There is one matchup that has Mir, the former heavyweight champion, pumping the brakes on a bit, though.
“The only fight immediately that would make me nervous for Jon would be Stipe,” Mir told Ariel Helwani on Monday’s edition of The MMA Hour.
Stipe Miocic is the UFC heavyweight champion and is coming off consecutive knockouts of Fabricio Werdum, Alistair Overeem and Junior dos Santos. With one more title defense, the Cleveland-area firefighter will set the record for the most in UFC heavyweight history. Somewhat quietly, Miocic has etched his name among some of the greats of the sport in his division.
“I think any other heavyweight I can see [Jones] beating,” Mir said. “Stipe is a hard one. And I think Alistair, too, might be a hard one.”
Size plays a big factor, Mir said. From a skills point of view, Jones stacks up and exceeds just about everyone. But Mir has concerns about Jones’ leg strength, in particular, in the heavyweight division.
“I think he’s a dangerous fighter and I would never, ever put him out,” Mir said of Jones. “His upper body is definitely in that world, that realm that he could compete at heavyweight, but it’s his lower body. Heavyweights are still big and pushing around and carrying that weight. I don’t know.”
Mir has trained with Jones, the nary undefeated UFC light heavyweight champion, before, so he has a perspective that few have. That also means he would never count “Bones” out.
“Could he do it?” Mir said. “Would I put it past Jon? No. Not at all. I’ve trained with him. I know how good he is. He’s not giving up reach and distance. It would just be that horsepower. Could he eliminate it through his technical wrestling and his angles? He very well may could.”
A big question is whether or not Jones will want to, especially against Miocic. Jones was asked about it at the UFC 214 press conference and he demurred, because Miocic has not shown himself to be a big draw. Brock Lesnar would be a real, big money fight — one of the biggest in UFC history. Miocic is not there yet in terms of a moneymaker.
“Stipe is a phenomenal champ as far as like he’s a good guy, if you want to point your kids in the right direction, ‘Hey, look at this guy, he’s a good person,’” Mir said. “Family guy, down to Earth, still works a regular job as a firefighter. He’s an asset to the community. But as far as a blockbuster [in] ticket sales, he’s no Conor McGregor. Stipe still, he doesn’t break into that realm of ticket sales and pay-per-view buys that some other heavyweights in the past have that are not as talented as he is. He has everything except for he’s just not that marketing machine that some other people have been.”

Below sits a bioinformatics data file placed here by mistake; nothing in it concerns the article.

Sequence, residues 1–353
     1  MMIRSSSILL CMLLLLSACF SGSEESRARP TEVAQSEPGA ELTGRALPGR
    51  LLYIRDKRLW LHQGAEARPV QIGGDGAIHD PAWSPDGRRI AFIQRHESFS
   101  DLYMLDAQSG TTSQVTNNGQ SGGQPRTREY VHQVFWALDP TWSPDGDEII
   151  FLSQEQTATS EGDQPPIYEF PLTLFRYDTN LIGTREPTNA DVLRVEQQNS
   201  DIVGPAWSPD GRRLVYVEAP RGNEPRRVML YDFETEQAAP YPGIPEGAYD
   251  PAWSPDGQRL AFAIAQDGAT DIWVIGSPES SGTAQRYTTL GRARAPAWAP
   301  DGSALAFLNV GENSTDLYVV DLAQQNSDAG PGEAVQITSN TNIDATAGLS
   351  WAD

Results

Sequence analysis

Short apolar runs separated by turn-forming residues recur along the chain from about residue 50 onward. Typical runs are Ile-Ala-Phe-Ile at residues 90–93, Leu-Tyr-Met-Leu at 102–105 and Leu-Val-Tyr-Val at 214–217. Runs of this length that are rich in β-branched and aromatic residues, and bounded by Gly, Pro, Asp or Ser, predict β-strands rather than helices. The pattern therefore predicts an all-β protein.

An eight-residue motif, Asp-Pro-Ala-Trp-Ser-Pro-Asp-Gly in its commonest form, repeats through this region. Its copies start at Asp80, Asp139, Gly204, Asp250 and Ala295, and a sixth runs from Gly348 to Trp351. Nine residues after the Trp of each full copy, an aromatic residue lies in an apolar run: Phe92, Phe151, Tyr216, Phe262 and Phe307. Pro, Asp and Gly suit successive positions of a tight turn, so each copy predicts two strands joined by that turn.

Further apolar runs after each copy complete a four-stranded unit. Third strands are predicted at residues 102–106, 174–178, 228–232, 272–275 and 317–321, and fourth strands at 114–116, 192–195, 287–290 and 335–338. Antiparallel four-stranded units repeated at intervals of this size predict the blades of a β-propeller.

Mir has trained with Jones and fought Lesnar twice. That fight, which Jones called for after beating Daniel Cormier at UFC 214 last week, has Mir very intrigued. It would not be a walkover for Jones as many have theorized, Mir believes.
“I think it’s gonna be an interesting fight, because obviously Jones is a much better mixed martial artist, but the one area that we’ve never Jon fight at is off his back,” Mir said. “And I have to assume that Brock is good enough of a wrestler. Obviously in his heyday he was a national champion, but now the guy is 40 years old he doesn’t wrestle the way he did back 10 years ago. Can he put Jon on his back, and if he does, can he capitalize on it?
“So it’s interesting. So I think there is an interest to it. It’s not a blowout. There’s something on paper where I sit there and go, ‘Oh sh*t, Brock you have no chance.’ Well, he could put him on his back, possibly. Run a double on him. If anybody could, I’d have to think maybe Brock could. And then would put Jon in an area that we really haven’t seen Jon fight from.”
Miocic might be able to do the same thing. He also has devastating knockout power and excellent technical boxing. Mir is unsure of how Miocic vs. Jones would go down.
“Even Jon is not rushing to fight Stipe,” Mir said. “You could hear when Jon called out Brock, stylistically that fight makes sense for Jon if he moves up to heavyweight. But when you say ‘fight Stipe,’ he’s like, ‘ehh.’ There’s a reason why. [Miocic is] a really good big guy.”